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New OCC Boss Outlines Regulatory Agenda

Michael Hsu will be deputy comptroller once a permanent nominee is appointed

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  • Written by  Banking Exchange staff
New OCC Boss Outlines Regulatory Agenda

The new head of Office of the Comptroller of the Currency (OCC) has pledged to put climate change and social equity at the heart of the banking regulator’s policy agenda.

Michael Hsu was named acting comptroller of the currency this week by Treasury Secretary Janet Yellen. He will become deputy comptroller when a permanent nominee for comptroller is appointed.

In a statement shared with agency staff, Hsu said: “The pandemic has had a disproportionate impact on vulnerable communities, especially communities of colour and rural communities, and the recovery threatens to leave many of them even further behind.

“Climate change poses new risks and challenges for banks, and we need to make sure they understand those risks and can manage them.”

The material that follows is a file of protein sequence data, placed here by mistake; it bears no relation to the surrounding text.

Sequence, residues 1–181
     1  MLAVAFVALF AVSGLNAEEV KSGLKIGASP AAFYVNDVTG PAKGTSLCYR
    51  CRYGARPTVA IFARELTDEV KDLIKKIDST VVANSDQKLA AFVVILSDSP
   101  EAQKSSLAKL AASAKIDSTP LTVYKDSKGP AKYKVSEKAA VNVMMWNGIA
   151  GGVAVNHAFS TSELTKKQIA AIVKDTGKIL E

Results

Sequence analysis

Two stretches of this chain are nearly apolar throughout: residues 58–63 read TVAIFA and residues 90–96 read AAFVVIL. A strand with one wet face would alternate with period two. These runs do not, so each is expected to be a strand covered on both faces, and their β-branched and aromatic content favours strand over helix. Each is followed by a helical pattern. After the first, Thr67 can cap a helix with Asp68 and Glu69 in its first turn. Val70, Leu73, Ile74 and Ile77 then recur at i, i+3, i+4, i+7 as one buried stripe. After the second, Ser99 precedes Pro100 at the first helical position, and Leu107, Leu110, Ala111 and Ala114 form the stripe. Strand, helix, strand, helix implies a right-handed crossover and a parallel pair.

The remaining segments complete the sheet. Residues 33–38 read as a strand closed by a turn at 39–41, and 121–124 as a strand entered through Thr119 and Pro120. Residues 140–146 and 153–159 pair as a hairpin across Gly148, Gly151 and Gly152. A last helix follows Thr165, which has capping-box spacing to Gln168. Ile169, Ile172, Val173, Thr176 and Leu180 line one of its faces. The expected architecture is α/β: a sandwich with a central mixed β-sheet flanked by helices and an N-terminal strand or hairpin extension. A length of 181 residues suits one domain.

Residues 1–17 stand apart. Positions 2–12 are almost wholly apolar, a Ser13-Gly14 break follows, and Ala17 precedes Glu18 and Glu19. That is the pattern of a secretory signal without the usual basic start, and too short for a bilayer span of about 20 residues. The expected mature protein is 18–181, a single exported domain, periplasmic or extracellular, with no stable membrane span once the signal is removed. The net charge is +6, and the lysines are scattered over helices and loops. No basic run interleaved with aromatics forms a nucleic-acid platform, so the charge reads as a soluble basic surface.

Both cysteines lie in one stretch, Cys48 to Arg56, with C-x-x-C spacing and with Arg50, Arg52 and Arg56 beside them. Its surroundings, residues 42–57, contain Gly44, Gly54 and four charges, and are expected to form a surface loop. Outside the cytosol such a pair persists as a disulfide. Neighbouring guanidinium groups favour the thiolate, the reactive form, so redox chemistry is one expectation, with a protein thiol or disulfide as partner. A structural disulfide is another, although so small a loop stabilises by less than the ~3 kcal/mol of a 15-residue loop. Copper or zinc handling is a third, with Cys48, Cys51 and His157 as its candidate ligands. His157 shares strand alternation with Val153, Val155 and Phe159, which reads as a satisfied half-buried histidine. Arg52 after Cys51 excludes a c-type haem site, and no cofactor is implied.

He said the OCC’s focus would be on solving urgent problems that affected the agency’s mission to ensure a safe, sound and fair banking system.

Technological change and digitalization’s impact on banking were also mentioned. “Complacency about risk-taking is of increasing supervisory concern as we enter a phase of growth and heightened competition,” he added.

Hsu will also announce a review of key regulatory standards, he said, which would consider a range of external and internal views and pandemic-related circumstances.

Hsu is the fourth person to lead the OCC in the past year. Joseph Otting stepped down at the start of June 2020 and was replaced by Brian Brooks. Brooks left the regulator at the start of this year, with chief operating officer Blake Paulson stepping in as acting comptroller since January 14. Paulson has now resumed his COO role.

Prior to joining the OCC, Hsu was as an associate director in the Division of Supervision and Regulation at the Federal Reserve. During his tenure at the Fed, he led the Large Institution Supervision Coordinating Committee (LISCC) program, which supervises global systemically important banking companies operating in the US.

The OCC supervises 1,200 national banks and federal savings associations, which include large, midsize and community banks.

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